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This season, the St. John’s men’s lacrosse team is off to a 3-0 start – its best since 1983.

On Saturday, the St. John’s men’s lacrosse team scored its biggest win in the program’s history. They beat ECAC foe and then-No. 5 Georgetown in thrilling, 10 -9 fashion at home on Da Silva Field.

On Monday morning they were rewarded by the college lacrosse world with a No. 19 national ranking from the United States Intercollegiate Lacrosse Association.

The Storm may be at the top of the college lacrosse now, but it was just last season that the Red Storm could have easily been the 19th worst team in the nation.

It was just last season that the Red Storm started not 3-0, but 0-9. It was just last season that the Red Storm lost to then- No. 11 Georgetown by six goals. And it was just last season that the Red Storm won just two games in the ECAC (and just two games in total).

That all makes what the Red Storm have done so far this season all the more impressive.

We get accustomed to seeing turnarounds in sports all the time. We blink our eyes and all of a sudden the Tampa Bay Rays or Colorado Rockies are playing in the World Series. Or, we stop to smell the flowers and the Boston Celtics go from losing 58 games in 2006-07 to winning 66 and an NBA Finals crown in 2007-08.

But what we don’t realize is that we don’t see turnarounds in college athletics even half as often as we do in professional sports. Colleges simply can’t entice Kevin Garnett with $24 million to come to play for their program. They instead must recruit talent with a clever combination of reputation advertising and what-have-you-done-for-me-lately marketing. Ask any college coach; that is a much harder thing to do than to reach in someone else’s pockets.

But the Red Storm men’s lacrosse team has gone from 11-game losers to nationally-relevant, undefeated team in just one season.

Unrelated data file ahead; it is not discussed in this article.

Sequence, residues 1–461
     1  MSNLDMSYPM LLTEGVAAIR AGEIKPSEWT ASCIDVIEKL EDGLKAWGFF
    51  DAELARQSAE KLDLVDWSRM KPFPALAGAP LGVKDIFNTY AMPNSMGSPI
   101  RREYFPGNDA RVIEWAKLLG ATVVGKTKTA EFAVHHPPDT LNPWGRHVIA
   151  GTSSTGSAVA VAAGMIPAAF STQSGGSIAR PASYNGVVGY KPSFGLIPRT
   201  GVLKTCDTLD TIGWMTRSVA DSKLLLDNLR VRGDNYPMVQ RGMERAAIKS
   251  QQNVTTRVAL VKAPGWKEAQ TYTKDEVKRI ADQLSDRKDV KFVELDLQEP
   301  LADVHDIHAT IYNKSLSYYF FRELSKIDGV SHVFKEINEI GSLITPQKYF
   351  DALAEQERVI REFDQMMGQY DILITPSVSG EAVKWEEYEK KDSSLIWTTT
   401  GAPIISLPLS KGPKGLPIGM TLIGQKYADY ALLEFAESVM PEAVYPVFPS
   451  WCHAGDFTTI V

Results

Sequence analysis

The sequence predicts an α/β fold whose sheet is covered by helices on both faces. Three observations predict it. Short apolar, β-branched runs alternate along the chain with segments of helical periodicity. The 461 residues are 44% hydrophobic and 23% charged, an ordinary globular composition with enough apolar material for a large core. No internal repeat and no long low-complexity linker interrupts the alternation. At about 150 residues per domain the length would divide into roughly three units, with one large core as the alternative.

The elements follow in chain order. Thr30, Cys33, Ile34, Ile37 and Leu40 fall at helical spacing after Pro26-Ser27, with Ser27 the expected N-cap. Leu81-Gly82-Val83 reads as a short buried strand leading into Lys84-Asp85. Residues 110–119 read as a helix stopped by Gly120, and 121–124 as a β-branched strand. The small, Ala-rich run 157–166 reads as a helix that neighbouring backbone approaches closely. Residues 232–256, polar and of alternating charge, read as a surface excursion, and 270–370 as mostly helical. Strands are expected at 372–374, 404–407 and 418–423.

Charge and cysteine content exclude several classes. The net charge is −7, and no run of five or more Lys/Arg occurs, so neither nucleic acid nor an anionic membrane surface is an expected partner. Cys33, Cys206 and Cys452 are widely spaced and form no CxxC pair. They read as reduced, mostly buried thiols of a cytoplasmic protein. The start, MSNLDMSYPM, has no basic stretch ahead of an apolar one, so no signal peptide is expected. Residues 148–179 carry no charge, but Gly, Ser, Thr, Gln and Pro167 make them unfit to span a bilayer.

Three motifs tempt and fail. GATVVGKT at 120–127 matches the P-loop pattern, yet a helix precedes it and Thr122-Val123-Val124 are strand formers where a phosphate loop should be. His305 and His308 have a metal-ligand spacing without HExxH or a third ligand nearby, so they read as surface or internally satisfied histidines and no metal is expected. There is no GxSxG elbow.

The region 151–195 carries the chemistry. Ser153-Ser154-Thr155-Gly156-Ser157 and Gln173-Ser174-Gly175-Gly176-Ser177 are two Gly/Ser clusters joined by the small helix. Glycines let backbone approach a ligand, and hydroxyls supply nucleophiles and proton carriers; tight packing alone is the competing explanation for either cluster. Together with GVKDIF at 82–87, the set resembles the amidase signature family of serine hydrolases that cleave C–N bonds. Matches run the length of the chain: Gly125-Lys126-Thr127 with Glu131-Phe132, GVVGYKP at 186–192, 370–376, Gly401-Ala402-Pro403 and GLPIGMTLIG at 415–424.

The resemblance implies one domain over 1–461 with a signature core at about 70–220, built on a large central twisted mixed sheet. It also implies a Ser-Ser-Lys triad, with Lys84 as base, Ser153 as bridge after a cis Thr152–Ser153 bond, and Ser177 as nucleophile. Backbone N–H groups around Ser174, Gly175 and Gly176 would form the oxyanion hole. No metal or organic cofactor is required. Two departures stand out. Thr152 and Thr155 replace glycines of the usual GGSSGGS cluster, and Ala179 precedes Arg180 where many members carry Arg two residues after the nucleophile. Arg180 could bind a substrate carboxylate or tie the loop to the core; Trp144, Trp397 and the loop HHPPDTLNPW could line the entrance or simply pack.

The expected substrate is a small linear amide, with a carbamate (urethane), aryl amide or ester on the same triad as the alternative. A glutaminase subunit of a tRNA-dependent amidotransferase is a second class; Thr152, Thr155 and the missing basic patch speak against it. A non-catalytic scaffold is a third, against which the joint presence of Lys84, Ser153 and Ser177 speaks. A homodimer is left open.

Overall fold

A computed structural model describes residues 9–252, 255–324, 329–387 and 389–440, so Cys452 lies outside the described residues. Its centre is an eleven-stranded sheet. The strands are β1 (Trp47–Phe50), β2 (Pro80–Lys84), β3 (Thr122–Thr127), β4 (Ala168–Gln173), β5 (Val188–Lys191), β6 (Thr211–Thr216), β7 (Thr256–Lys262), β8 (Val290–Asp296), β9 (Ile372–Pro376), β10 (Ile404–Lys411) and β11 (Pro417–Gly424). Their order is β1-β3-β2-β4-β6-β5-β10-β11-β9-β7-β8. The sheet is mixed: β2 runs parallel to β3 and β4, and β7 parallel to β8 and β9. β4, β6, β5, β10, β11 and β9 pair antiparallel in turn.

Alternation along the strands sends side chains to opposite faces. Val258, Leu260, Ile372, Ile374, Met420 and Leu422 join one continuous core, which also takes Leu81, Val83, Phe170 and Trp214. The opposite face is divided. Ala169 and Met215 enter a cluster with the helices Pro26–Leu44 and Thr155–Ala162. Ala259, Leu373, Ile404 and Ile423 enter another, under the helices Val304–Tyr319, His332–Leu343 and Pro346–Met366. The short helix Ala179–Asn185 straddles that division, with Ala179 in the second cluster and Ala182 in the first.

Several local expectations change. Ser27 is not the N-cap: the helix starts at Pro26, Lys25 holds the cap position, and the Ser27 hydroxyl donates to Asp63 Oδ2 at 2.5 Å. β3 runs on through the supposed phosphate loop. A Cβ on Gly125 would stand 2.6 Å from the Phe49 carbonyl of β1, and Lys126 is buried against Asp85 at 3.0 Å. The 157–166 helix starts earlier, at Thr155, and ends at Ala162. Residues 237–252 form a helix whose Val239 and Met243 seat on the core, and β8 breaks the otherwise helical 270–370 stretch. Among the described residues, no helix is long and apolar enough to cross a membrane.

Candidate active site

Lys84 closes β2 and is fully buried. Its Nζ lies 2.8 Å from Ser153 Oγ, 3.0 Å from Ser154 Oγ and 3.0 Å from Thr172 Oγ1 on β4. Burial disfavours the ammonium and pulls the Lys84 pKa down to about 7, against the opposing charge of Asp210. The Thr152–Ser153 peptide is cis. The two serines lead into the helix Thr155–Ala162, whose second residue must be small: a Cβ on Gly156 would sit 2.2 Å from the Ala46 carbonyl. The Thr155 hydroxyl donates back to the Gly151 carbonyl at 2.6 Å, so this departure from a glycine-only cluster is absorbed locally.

I don’t know how head coach Jason Miller pulled that off, but I sure wish he’d fill Norm Roberts in.

Norm and the men’s basketball team have been in a transition period since the coach got here in 2004, now almost five seasons ago. It’s pointless to mention that the team has experienced its share of ups-and-downs (more downs than ups) since then. Everybody has heard that a hundred times from me alone.

And though, like Miller just accomplished, Roberts has secured a couple of huge upsets in his time here, what he’s failed to do is what Miller accomplished in just his 3rd season with the Storm: bring his team into the discussion of the relevant teams in the country.

Of course, lacrosse and basketball are different sports. The ball is smaller in lacrosse and the net is much bigger. And I’m sure that what it takes to build a successful team differs substantially as well, but I am just so impressed by what Miller was able to accomplish over the weekend that it gets me thinking about everyone’s favorite basketball coach all over again.

The most recent things I’ve heard in defense of the hoops headman is that the Storm’s on the court failures are not his fault. If Justin Burrell fails to make a gimme layup, there is nothing that Norm can do about that from the sidelines.
Of course that’s true, but it’s also not the issue. What’s in order is not a discussion of whose fault these struggles have been, but instead whose responsibility they are. And the answer to that is very clearly Norm Roberts.

Miller has already taken care of his responsibilities.

“We’ve felt for a while (even at 2-11 last year) that we were close to being competitive on the national scene,” he said after the Georgetown win. “That was the goal when the University re-instated lacrosse. A win over a program the caliber of a Georgetown certainly validates those feelings.”

When Norm took the job over in 2004, his goals were similar. It would be nice if he validated his feelings sometime soon.